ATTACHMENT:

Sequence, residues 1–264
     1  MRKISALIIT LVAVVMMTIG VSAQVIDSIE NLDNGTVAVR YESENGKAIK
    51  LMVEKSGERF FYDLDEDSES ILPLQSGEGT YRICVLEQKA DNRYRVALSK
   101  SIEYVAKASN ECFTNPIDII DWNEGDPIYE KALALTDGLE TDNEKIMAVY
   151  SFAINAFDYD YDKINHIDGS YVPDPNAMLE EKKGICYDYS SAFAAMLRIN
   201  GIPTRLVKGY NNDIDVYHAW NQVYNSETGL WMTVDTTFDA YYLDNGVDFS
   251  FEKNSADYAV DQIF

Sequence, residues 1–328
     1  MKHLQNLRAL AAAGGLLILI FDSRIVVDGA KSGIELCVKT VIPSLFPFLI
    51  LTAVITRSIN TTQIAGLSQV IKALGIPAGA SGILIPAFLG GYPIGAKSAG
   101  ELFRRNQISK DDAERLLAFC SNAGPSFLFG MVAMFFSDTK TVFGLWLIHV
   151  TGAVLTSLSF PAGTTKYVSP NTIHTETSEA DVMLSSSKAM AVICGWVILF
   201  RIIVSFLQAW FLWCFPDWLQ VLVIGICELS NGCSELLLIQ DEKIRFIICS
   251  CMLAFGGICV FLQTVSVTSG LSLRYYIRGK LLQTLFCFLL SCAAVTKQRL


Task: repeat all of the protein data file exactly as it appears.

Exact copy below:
Sequence, residues 1–264
     1  MRKISALIIT LVAVVMMTIG VSAQVIDSIE NLDNGTVAVR YESENGKAIK
    51  LMVEKSGERF FYDLDEDSES ILPLQSGEGT YRICVLEQKA DNRYRVALSK
   101  SIEYVAKASN ECFTNPIDII DWNEGDPIYE KALALTDGLE TDNEKIMAVY
   151  SFAINAFDYD YDKINHIDGS YVPDPNAMLE EKKGICYDYS SAFAAMLRIN
   201  GIPTRLVKGY NNDIDVYHAW NQVYNSETGL WMTVDTTFDA YYLDNGVDFS
   251  FEKNSADYAV DQIF

Sequence, residues 1–328
     1  MKHLQNLRAL AAAGGLLILI FDSRIVVDGA KSGIELCVKT VIPSLFPFLI
    51  LTAVITRSIN TTQIAGLSQV IKALGIPAGA SGILIPAFLG GYPIGAKSAG
   101  ELFRRNQISK DDAERLLAFC SNAGPSFLFG MVAMFFSDTK TVFGLWLIHV
   151  TGAVLTSLSF PAGTTKYVSP NTIHTETSEA DVMLSSSKAM AVICGWVILF
   201  RIIVSFLQAW FLWCFPDWLQ VLVIGICELS NGCSELLLIQ DEKIRFIICS
   251  CMLAFGGICV FLQTVSVTSG LSLRYYIRGK LLQTLFCFLL SCAAVTKQRL